Open the Corona SDK Simulator to make sure that everything works. On a Macintosh, it will likely be located in Applications > CoronaSDK. If this the first time you run the simulator, you will need to accept the terms of the license agreement in order to continue.
At this point, you will be prompted to login to your Corona Developer account. If you don’t have one, don’t sweat it! :] Take the opportunity now to create one. This is a one-time operation, and you won’t have to perform this step again once you’ve created an account and logged in.
Once logged in, you should see the following screen:
If it looks like everything has been installed correctly, then you’re ready to start using Corona to fend off the zombie apocalypse! :]
Which Text Editor is Best?
Choosing which text editor to use will be a matter of personal preference and willingness to pay for software. For Mac users, you can use TextEdit that comes on OSX. PC users can use Notepad that comes pre-installed with Windows.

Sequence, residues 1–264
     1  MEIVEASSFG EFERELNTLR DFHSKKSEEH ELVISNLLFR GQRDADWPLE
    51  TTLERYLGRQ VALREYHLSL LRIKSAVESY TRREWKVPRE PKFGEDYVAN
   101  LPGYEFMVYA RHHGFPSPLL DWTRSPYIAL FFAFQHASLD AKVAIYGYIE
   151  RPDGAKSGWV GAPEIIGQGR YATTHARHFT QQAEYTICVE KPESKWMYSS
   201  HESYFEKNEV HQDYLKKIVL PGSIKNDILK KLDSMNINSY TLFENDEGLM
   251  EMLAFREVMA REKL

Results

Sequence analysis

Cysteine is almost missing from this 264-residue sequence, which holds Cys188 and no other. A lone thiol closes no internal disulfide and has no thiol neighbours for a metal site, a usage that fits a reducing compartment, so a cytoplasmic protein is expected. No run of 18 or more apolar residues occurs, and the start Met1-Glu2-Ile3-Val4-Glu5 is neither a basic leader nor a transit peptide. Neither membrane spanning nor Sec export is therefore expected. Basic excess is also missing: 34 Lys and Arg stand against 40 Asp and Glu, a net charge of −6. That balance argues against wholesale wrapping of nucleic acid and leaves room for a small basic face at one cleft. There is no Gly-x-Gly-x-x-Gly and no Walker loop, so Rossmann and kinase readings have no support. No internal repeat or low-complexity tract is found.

There are three editors that integrate nicely with Corona on the Mac:
- Sublime Text 2. Sublime Text 2 is a new and popular text editor for the Mac with autocomplete support for Corona (with a plugins). [Download Link] [Corona Plugin].
- TextMate. TextMate is an older but still very popular text editor for the Mac also with autocomplete support for Corona (with a plugins). [Download link] [Corona Plugin].
- CoronaComplete. A full featured IDE for Corona. [Download link]
Each software has their own advantage and disadvantages, so feel free to try them all to see which suits your style the best!
Note: To develop an app in Corona, you’ll use your own text editor and the Corona Simulator; you won’t be using Xcode or Eclipse as you would for regular iOS and Android apps.
Download the artwork, sound effects, and starter configuration files you’ll need from the resources for this project and unzip them to your desktop, or a folder of your choice.
The top-level folder from the resources archive, ZombieBreak, will be the project folder for your Corona application – this is where you will be saving your code files.
Feel free to take a peek at the beautiful artwork and cool sound effects inside!
Main is the Name of the Game
Start the Applications\Corona SDK\Corona SDK Simulator, and then navigate to File > Open. Browse to the ZombieBreak folder, and open the main.lua file. If Corona prompts you which device to simulate, choose iPhone.